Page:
7 Brand Lessons to Learn From Beyonce
Usually, when we think of brands we think of products and services. We think of Amazon, Asda, Nike and Adidas. Our world is decorated with advertising from these global organisations. Years and years of carefully thought out comms have made these brands the household names they are today. Consistency, purpose, value and innovation have all enabled these brands to be relatable and memorable. These are all brands with high brand affinity and consumers often rely on them.
What we don't often think of when someone asks us to suggest a brand, is people. Although for many, self brands are at the heart of careers, business's and sometimes even products.
So, now we've mentioned it, the obvious examples of self brands would be Steve Jobs, Bill Gates and Mark Zuckerburg. These tech giants are household names and arguably brands in themselves. A self brand ensured their organisations didn't go faceless and were relatable and memorable to consumers.
However, aside from the tech industry, we want to explore the ideas of international pop star, Beyonce (here comes the fan girling), as an international brand.
The music industry is a saturated one, there are female artists headlining shows and topping the charts across the globe. However, not all of them have the fame, power, fan base and impact of Beyonce. We want to explore some of the ways she's harnessed strategic marketing to create a worldwide iconic brand, above the rest.
So, here it is; Seven brand lessons we can take from Beyonce:
1. Supporting Ethical & Political Movements.
Beyonce takes a stance.
She uses her music and fame as a way of conveying strong views and opinions. She uses her status and image to back important humanitarian movements. Known for her strong opinions regarding the equal rights of women and blacks, Beyonce resonates with her audience. She empowers her fans across the globe and shows an ethical side, one that encourages support and affinity.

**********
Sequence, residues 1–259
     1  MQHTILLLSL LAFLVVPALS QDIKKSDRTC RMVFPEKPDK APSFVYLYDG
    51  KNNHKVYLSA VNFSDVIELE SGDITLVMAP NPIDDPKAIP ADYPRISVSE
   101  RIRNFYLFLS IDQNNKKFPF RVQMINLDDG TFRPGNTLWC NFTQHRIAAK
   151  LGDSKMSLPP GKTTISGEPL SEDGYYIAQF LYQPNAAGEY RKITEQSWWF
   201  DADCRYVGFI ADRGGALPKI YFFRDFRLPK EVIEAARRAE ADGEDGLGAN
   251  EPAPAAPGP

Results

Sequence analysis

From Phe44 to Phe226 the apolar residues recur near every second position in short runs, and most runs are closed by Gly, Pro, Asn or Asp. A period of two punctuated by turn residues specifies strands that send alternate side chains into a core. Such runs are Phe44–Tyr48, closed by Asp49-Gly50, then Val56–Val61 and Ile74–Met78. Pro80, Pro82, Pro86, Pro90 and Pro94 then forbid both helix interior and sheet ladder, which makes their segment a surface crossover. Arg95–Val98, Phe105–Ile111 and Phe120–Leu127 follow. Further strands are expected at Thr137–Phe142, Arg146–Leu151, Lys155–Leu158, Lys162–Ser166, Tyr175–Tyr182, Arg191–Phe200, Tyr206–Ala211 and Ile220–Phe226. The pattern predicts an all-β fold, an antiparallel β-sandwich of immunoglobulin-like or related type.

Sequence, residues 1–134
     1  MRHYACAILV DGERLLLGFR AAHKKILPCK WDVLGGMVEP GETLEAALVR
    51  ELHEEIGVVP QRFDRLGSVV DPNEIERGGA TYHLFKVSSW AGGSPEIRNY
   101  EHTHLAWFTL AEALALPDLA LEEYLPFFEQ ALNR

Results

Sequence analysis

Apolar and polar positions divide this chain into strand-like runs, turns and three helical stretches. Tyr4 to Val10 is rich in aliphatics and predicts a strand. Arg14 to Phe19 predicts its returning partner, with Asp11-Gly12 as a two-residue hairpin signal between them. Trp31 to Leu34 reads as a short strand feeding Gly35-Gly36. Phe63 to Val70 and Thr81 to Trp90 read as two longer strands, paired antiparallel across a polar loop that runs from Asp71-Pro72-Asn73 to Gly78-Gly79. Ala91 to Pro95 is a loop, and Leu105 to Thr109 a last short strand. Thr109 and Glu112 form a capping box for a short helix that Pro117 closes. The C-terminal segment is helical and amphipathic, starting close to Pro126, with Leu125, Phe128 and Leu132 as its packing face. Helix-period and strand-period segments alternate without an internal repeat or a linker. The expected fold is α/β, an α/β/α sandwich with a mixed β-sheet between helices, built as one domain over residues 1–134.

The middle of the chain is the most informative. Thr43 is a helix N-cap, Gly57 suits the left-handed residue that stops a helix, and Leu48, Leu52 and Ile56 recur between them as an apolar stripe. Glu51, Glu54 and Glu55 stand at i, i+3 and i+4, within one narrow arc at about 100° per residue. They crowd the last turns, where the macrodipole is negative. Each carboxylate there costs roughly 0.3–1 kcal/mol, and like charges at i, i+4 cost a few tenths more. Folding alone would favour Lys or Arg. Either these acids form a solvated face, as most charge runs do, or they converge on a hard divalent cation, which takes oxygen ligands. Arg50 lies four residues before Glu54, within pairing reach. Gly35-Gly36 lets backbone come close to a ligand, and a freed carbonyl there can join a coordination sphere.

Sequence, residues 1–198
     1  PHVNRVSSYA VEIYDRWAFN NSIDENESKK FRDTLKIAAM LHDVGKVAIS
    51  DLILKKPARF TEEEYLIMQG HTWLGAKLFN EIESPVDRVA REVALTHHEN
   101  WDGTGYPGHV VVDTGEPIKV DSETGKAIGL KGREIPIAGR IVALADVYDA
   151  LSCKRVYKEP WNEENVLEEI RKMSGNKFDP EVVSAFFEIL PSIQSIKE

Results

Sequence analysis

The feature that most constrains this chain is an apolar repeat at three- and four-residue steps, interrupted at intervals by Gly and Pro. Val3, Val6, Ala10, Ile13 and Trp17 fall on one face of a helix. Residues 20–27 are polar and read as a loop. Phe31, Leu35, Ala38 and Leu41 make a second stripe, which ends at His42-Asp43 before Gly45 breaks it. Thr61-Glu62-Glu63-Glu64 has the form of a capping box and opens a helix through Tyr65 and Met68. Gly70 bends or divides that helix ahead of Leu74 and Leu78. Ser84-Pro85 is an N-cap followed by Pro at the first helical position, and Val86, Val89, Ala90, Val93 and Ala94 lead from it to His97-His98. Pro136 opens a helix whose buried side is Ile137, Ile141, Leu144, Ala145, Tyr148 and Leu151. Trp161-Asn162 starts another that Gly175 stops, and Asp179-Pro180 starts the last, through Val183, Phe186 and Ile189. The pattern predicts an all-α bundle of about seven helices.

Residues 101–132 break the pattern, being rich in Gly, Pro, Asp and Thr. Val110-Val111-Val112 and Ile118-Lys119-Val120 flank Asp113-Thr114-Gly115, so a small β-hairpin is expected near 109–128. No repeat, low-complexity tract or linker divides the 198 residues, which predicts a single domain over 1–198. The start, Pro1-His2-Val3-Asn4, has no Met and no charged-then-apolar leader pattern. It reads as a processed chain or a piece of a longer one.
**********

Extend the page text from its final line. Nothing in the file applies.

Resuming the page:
Brand takeaway: Showing responsibility and ethical action for wider issues encourages affinity.
Beyonce representing The Black Panthers at The Super Bowl 2016.
Beyonce's stage set for her On The Run tour.
Beyonce launches BeyGOOD to support education.
2. The Nothing Effect.
Sometimes less is more. Or, in this instance, nothing is more. While other brands and icons spends weeks promoting new albums or singles to sell records, Beyonce did the exact opposite.
After weeks of silence, Beyonce often builds tension around her next big move. She has been known to surprise fans by dropping albums and major tour announcements with little to no prior marketing. Sending her fan base into frenzy, her non existent marketing turns into powerful PR that's spreads like wildfire. A silent strategy, as such, also enables Beyonce to assert her credible status, ones that fuels her fame - 'so famous, there's no need for marketing'. Certain her following will support her work regardless, helps builds Beyonce's A-list image.
Brand takeaway: Stand out by going against the grain and alternative strategies. Confidence in execution can result in powerful (and free) PR.
3. Innovation & Added Value.
Beyonce tries new things.